This paper was presented as a technical background paper at the WHO sixth Global Conference on Health Promotion in Bangkok Thailand, August 2005. It describes what we know about the effectiveness of four of the Ottawa Charter health promotion strategies from eight reviews that have been conducted since 1999. The six lessons are that (i) the investment in building healthy public policy is a key strategy; (ii) supportive environments need to be created at the individual, social and structural levels; (iii) the effectiveness of strengthening community action is unclear and more research and evidence is required; (iv) personal skills development must be combined with other strategies to be effective; (v) interventions employing multiple strategies and actions at multiple levels are most effective; (vi) certain actions are central to effectiveness, such as intersectoral action and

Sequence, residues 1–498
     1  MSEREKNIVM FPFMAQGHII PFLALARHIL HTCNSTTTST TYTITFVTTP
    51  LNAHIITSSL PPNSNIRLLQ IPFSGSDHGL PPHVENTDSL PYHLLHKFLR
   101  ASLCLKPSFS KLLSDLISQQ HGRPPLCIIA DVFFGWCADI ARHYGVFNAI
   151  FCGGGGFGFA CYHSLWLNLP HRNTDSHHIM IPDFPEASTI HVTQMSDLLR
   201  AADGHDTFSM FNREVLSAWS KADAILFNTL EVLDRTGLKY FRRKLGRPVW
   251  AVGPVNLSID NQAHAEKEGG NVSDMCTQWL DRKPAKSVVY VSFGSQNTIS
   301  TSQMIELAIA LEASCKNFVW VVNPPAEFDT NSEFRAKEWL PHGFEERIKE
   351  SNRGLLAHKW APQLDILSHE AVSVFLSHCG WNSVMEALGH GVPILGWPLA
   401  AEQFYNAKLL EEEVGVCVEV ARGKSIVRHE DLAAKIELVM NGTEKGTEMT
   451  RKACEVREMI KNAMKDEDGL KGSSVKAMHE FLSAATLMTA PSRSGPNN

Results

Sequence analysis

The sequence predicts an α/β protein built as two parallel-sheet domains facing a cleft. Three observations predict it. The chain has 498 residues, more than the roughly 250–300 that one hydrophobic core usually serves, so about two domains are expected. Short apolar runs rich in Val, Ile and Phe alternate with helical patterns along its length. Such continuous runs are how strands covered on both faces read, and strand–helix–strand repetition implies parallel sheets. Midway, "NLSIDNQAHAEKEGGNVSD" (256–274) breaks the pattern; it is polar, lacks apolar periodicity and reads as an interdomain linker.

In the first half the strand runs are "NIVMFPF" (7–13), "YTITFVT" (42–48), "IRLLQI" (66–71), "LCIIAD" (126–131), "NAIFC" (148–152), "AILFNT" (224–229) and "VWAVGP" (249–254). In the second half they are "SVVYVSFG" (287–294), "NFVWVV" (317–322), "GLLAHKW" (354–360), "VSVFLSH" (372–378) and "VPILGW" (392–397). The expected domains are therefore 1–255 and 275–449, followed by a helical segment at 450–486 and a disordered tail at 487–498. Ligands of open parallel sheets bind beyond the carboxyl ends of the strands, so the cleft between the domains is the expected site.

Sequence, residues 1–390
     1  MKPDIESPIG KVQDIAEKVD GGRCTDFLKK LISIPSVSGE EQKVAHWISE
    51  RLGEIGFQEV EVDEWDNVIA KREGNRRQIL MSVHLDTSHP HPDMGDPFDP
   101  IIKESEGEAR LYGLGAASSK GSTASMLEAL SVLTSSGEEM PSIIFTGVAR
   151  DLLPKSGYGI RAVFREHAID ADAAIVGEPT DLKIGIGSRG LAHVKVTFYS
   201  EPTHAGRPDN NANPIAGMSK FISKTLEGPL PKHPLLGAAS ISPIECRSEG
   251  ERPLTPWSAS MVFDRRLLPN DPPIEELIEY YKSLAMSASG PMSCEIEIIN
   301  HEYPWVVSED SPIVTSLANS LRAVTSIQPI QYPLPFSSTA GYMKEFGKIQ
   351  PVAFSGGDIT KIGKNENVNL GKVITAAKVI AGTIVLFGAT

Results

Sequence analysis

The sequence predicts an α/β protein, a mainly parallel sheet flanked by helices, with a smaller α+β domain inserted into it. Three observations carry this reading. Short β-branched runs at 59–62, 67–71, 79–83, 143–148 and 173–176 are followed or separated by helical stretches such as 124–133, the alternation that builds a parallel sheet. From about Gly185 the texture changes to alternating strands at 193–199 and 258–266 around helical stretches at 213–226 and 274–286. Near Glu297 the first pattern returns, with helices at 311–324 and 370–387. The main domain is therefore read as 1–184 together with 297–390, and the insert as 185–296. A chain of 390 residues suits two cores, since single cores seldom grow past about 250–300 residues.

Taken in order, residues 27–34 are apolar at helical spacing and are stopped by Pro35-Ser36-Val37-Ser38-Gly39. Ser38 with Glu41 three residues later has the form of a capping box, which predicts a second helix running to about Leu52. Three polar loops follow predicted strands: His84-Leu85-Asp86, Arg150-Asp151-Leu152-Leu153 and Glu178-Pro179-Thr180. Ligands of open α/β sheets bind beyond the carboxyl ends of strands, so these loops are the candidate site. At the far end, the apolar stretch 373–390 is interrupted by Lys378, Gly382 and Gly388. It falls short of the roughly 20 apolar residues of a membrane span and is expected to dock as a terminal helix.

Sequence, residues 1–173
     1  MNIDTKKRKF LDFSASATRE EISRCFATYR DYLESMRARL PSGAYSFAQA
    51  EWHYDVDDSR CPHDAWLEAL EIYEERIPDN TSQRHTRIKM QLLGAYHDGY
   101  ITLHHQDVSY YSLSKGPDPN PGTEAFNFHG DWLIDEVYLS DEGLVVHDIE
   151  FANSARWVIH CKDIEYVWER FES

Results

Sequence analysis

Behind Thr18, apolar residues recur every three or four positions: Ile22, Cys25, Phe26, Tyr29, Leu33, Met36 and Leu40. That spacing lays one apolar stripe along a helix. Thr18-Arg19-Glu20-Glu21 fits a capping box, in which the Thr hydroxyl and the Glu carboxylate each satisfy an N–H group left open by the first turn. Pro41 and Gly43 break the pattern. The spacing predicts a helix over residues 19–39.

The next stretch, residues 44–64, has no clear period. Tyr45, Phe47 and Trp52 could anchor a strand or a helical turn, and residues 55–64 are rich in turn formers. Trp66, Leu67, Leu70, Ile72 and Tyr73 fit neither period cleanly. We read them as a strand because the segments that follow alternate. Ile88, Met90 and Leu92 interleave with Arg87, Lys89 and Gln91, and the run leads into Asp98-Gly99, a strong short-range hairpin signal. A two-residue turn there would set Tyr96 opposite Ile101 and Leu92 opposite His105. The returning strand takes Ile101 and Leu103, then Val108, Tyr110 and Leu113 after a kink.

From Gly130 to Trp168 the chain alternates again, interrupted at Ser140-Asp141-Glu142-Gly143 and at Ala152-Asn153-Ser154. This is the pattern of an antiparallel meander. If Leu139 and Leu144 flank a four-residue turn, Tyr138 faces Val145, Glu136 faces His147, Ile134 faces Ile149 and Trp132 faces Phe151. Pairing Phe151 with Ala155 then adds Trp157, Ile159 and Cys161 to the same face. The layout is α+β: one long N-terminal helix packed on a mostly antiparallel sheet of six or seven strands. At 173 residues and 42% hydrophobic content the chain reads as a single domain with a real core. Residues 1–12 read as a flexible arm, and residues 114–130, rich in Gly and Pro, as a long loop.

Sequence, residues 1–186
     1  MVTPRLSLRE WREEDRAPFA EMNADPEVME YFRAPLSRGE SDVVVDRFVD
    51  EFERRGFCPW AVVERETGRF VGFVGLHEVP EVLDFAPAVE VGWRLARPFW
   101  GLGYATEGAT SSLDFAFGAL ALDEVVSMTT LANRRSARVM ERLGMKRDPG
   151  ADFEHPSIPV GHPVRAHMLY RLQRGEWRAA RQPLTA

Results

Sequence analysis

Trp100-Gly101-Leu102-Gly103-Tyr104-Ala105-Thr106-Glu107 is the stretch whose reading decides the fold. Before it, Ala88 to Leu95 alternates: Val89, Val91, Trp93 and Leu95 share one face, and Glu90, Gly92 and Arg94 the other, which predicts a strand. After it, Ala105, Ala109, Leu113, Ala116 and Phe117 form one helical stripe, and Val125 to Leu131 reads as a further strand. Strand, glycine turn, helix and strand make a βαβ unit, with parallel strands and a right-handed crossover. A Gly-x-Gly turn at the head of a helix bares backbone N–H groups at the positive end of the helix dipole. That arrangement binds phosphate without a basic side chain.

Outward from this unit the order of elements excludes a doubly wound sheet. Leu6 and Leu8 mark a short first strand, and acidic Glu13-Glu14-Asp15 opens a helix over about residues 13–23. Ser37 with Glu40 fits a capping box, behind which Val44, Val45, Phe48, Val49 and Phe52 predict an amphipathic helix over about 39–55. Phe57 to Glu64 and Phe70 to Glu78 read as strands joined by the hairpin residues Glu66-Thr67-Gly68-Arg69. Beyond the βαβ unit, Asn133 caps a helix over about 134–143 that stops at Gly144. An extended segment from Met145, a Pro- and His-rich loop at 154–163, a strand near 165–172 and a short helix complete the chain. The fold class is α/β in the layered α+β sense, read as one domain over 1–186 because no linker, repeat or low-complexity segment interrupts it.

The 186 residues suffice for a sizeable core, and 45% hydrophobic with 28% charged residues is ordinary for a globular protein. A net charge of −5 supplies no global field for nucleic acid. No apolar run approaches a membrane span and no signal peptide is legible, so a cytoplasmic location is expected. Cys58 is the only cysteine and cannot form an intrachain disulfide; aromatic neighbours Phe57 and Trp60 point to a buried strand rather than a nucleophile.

interorganizational partnerships at all levels, community engagement and participation in planning and decision making, creating healthy settings (particularly focusing on schools, communities, workplaces and municipalities), political commitment, funding and infrastructure and awareness of the socio-environmental context. In addition, four case studies at the international, national, regional and local levels are described as illustrations of combinations of the key points described earlier. The paper concludes that the four Ottawa Charter strategies have been effective in addressing many of the issues faced in the late 20th century and that these strategies have relevance for the 21st century if they are integrated with one another and with the other actions described in this paper.